A strength of this study is its use of an RCT with a large sample size to evaluate the effectiveness of a theoretical framework-guided (mindfulness-based cognitive behavior theory) brief intervention of STOP touching your face during the COVID-19 outbreak. The findings in the current study are similar to those in ITT analyses and CCA. Because CCA can underestimate the potential bias caused by missing data from loss to follow-up, and an ITT principle may prevent this potential bias, the consistency of these results is a significant strength of this study. The robustness of the findings is also promoted by the support of secondary outcomes relating to the difference in reduction of face-touching behavior between the study groups.
As a theoretical framework-guided RCT with a large sample size evaluating the effectiveness of the STOP touching your face program during the COVID-19 outbreak, this study demonstrated that this free, brief, and simple mindfulness-based behavior-change intervention significantly reduced T-zone touching behavior. At the policy level, our findings are important for updating guidelines for preventing COVID-19 and other infectious diseases. At the general population level, in addition to vaccinations and pharmacotherapeutics, there is a high demand for measures to prevent the spread of COVID-19 by changing human behavior, particularly via easy-to-understand behavioral strategies like the STOP touching your face program that can be delivered online.
Limitations and Future Research
Nevertheless, when interpreting these findings, the limitations of the current study should be taken into account. First, the current study was conducted during the COVID-19 pandemic, so we applied a WeChat-based intervention with self-monitoring of face-touching behavior by participants, rather than recording by researchers. However, self-monitoring has been recommended to promote physical activity (Aittasalo et al., 2006), improve mental health and wellbeing (Bakker & Rickard, 2018), and enhance medication management and patient outcomes (Lancaster et al., 2018). Thus, self-monitoring of face-touching behavior itself may increase participants’ awareness of habituated face-touching behavior, which may lead to an increase or decrease of this behavior during the 60-min observation period. From this perspective, this limitation has important implications: it makes the results less reliable because we do not know exactly what the observed decrease means. Furthermore, a systematic review revealed over- or underreporting of physical activity by self-reported measures compared with the findings obtained by direct methods (Prince et al., 2008). The self-reported measures used in this study may thus have over- or underestimated the actual face-touching behavior. However, our study found very similar results during the first and second 60-min observations of face-touching behavior in the control group.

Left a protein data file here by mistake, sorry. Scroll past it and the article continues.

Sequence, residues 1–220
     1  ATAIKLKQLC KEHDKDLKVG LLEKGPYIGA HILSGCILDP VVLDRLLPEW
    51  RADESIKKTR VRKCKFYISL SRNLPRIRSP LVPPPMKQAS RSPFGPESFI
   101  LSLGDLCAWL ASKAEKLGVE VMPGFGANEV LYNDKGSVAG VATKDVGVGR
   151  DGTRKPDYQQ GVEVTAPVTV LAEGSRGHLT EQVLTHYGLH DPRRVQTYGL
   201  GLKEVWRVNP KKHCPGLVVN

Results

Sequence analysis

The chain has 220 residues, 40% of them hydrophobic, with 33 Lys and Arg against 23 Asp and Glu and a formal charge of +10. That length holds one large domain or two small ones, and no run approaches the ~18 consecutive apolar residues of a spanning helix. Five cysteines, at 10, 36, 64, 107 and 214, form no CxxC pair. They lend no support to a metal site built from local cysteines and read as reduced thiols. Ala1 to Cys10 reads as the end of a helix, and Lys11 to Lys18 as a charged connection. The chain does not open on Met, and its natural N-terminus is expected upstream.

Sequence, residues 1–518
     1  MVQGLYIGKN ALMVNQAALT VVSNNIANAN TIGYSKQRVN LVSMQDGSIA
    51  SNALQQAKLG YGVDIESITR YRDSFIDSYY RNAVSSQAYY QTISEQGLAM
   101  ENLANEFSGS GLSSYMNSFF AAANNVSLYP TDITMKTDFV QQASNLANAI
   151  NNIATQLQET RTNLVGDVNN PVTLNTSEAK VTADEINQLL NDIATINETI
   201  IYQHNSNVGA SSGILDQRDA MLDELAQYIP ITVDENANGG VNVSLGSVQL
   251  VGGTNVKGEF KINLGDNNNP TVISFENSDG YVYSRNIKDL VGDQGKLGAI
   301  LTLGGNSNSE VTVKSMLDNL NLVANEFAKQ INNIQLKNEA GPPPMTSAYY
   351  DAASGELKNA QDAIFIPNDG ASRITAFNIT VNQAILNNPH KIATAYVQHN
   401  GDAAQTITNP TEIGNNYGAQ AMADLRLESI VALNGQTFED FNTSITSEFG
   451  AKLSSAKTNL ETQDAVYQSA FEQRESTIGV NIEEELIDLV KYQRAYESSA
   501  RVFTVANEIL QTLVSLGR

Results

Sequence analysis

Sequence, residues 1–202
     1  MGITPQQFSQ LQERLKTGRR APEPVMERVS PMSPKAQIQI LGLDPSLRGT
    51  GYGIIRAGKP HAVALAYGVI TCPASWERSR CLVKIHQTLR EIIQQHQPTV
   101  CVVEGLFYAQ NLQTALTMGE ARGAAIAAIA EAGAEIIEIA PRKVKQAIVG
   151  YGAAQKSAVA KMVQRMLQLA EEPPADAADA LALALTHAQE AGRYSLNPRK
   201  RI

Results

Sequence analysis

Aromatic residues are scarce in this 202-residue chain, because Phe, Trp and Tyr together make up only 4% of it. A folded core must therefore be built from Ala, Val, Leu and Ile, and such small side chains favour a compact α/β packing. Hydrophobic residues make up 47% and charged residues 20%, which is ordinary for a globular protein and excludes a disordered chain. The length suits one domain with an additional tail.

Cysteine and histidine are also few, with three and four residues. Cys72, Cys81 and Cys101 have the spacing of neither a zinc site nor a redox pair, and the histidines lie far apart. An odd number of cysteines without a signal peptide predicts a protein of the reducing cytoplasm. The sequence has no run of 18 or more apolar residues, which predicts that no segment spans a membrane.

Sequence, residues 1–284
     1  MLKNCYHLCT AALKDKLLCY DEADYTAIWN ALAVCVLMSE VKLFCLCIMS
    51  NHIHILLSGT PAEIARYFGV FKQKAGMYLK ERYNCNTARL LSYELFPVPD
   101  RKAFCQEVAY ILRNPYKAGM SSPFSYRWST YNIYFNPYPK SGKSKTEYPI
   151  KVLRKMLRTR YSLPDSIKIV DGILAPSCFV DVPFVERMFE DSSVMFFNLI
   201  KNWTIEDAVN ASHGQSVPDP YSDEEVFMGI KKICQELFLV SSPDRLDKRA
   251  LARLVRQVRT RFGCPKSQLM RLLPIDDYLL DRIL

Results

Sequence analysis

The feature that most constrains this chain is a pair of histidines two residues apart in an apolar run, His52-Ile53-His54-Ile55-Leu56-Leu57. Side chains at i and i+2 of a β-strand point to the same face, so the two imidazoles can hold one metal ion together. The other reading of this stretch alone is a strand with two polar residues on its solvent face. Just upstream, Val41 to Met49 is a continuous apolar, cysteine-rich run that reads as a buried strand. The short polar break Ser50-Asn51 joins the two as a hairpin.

As another limitation, as in other similar online MBI studies (Cavanagh et al., 2018), the percentage of participants lost to follow-up was relatively high in both groups, especially in the control group. To compensate for this high dropout rate, we applied an ITT principle to prevent potential bias caused by missing data from loss to follow-up, and completer analyses were also reported. A third limitation is that the participants may have gained fewer benefits from the short-term STOP touching your face practice provided online than from face-to-face and long-term MBI. However, several RCTs have shown that brief online MBI can improve mindfulness, decrease stress, alleviate symptoms of anxiety and depression (Cavanagh et al., 2013; Zhang et al., 2021), and reduce levels of paranoia in a non-clinical population (Shore et al., 2018). The results from the current study also indicate the effectiveness of the STOP touching your face intervention provided in an online format. A final limitation is that this study did not measure how wearing a mask would change participants’ face-touching behavior. One study found that wearing a mask may reduce face‐touching behavior among healthcare professionals (Lucas et al., 2020).
This study was funded by Zhejiang University Special Scientific Research Fund for COVID-19 Prevention and Control (2020XGZX046), the “Hundred Talents Program” funding from Zhejiang University, and a K.C. Wong Postdoctoral Fellowship to study at King’s College London (YHL). The funders of the study had no role in study design, data collection, data analysis, data interpretation, or writing of the report.
YHL would like to thank Professor Ann McNeill from King’s College London for her suggestions and thank 5P Medicine (5P Yixue APP) for providing the STOP audio description (in the appendix). YHL, CP, and QL would like to thank the UCLA (University of California at Los Angeles) Mindful Awareness Research Center for providing opportunities to learn and practice mindfulness.
The trial was approved by The Ethics Committee of Sir Run Shaw Hospital, an affiliate of Zhejiang University, Medical College (NO. 20200401–32). All procedures used in this study adhere to the tenets of the Declaration of Helsinki.
Informed Consent Statement
All electronic signed informed consent was obtained from all the participants via WeChat.
Conflict of Interest
The authors declared no potential conflicts of interest with respect to the research, authorship, or publication of this article. There was no source of funding that could have influenced the outcome of the submitted work.